Peak Of Power
A Recap Of The 2013 ASI Power Summit
The ASI Power Summit brought together influential industry minds to brainstorm, share successes and discuss challenges.
Employee engagement. Video marketing. Changing demographics.
What do these three things have in common? They were among the hot topics of discussion at the seventh annual ASI Power Summit, held last month at the Montage Deer Valley Resort in Park City, UT. Indeed, between keynote speakers and industry panelists, it's clear that companies in the promotional products market are trying to tackle multiple challenges at once: how to appeal to shifting buyer habits, how to get staffers more motivated than ever, and how to create new marketing programs that excite audiences.
"It's a new market out there," said BYU Professor Gary Rhoads, one of the keynoters at the conference. "Companies need to find ways to appeal to a new set of employees and a new set of customers."
With that sentiment as a backdrop, some of the most influential and successful executives in the ad specialty industry met for three days last month at the Power Summit to network and learn from each other, as well as plot industry and individual company strategies for the next year. Read on to check out the scenes, as well as the advice, insights, and tactics offered during the 2013 ASI Power Summit.
The Link Between Culture And Performance
Sixty-seven percent of workers say their moms could run their businesses better than their bosses, Adrian Gostick, best-selling author of The Carrot Principal told a packed room at the ASI Power Summit's keynote session. Want to have a more productive workforce? The key is to embrace the three E's: engage, enable and energize them, he said.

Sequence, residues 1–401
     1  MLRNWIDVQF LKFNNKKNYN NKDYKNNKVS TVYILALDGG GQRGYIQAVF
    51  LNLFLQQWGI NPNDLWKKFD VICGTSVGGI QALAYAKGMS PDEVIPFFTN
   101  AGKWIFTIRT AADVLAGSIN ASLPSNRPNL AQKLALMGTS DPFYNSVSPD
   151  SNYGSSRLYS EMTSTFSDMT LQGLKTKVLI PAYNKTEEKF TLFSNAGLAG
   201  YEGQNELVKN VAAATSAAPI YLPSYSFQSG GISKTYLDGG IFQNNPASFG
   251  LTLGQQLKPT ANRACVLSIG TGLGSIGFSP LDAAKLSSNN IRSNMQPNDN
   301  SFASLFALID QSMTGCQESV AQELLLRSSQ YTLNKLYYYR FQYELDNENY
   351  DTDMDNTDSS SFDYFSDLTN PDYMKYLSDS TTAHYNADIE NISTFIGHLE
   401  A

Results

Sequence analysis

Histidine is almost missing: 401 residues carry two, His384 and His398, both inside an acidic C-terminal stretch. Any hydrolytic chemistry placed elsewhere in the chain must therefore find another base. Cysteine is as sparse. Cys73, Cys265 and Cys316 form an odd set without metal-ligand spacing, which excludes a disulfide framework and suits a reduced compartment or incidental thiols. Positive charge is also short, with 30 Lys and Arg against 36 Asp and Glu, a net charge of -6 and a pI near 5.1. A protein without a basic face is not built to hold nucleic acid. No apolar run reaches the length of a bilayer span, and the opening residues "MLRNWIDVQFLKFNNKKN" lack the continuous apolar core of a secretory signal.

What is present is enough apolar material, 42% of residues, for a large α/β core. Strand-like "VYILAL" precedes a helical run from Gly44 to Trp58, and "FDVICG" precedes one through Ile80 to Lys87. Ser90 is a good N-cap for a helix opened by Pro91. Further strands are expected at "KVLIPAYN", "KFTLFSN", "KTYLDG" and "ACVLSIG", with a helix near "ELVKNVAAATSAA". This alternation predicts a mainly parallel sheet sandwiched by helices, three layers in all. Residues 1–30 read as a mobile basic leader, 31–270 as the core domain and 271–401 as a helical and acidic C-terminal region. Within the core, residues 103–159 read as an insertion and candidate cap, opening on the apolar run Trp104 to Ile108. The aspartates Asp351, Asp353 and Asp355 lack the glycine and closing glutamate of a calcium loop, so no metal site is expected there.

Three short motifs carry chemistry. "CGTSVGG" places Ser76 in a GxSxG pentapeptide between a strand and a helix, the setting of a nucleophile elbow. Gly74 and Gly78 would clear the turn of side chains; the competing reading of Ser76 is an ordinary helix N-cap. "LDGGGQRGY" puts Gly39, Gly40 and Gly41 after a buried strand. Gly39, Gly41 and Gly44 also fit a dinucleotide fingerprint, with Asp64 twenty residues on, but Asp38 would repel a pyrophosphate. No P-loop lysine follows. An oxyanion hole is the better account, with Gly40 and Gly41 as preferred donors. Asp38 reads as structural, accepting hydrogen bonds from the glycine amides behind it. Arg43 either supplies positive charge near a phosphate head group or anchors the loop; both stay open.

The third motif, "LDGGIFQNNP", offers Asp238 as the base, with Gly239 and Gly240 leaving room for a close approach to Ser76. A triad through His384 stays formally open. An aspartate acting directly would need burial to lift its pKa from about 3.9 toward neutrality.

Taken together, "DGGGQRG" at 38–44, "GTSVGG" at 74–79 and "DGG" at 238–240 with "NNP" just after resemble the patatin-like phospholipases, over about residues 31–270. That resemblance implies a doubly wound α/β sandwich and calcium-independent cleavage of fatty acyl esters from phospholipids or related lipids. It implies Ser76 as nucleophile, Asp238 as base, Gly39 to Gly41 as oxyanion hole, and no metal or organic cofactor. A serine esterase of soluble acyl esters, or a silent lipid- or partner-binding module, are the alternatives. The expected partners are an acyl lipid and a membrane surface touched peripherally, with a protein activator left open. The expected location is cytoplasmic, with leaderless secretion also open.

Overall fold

Most managers know how to engage people by giving them opportunities to grow, Gostick said. But few understand the link between enabling them and actually creating a more positive culture. "You need to give them the right tools, support and empowerment, and they'll work much harder for you," Gostick said.
A company also needs to make sure it energizes its workforce by constantly delivering praise and positive reinforcement. He cited a Harvard Business Review study showing that in high-performing teams, a manager would give five positive comments for every negative one. By contrast, managers who give three negative comments for each positive one historically have very low performance among team members.
The bottom line? "Get employees excited about coming to work," he said. "The culture you create is the absolute key to building a high-performance workforce."
Motivating Young Sales Reps
In the "What Motivates Me: Young Industry Sales Reps Speak Out" panel discussion, keynote speaker Adrian Gostick joined the stage with Supplier Global Resource Editor Michele Bell and the following industry sales reps, all of whom are in the Gen Y Generation: Jill Albers, business development director at Shumsky; Josh Ebrahemi, partner/sales exec with Jack Nadel International; Brittany David, national sales manager with SnugZ/USA; and Krista Taylor, supplier digital sales rep with ASI. Collectively, the four industry panelists were responsible for more than $15 million in sales in 2012.
Noting that with Gen Y in particular, while not just one strategy for motivating, retaining and rewarding successful young reps is the right one, it's critical to custom tailor incentive programs around each rep's needs. "It would be incorrect to assume that it's all about the money for everyone," Gostick said.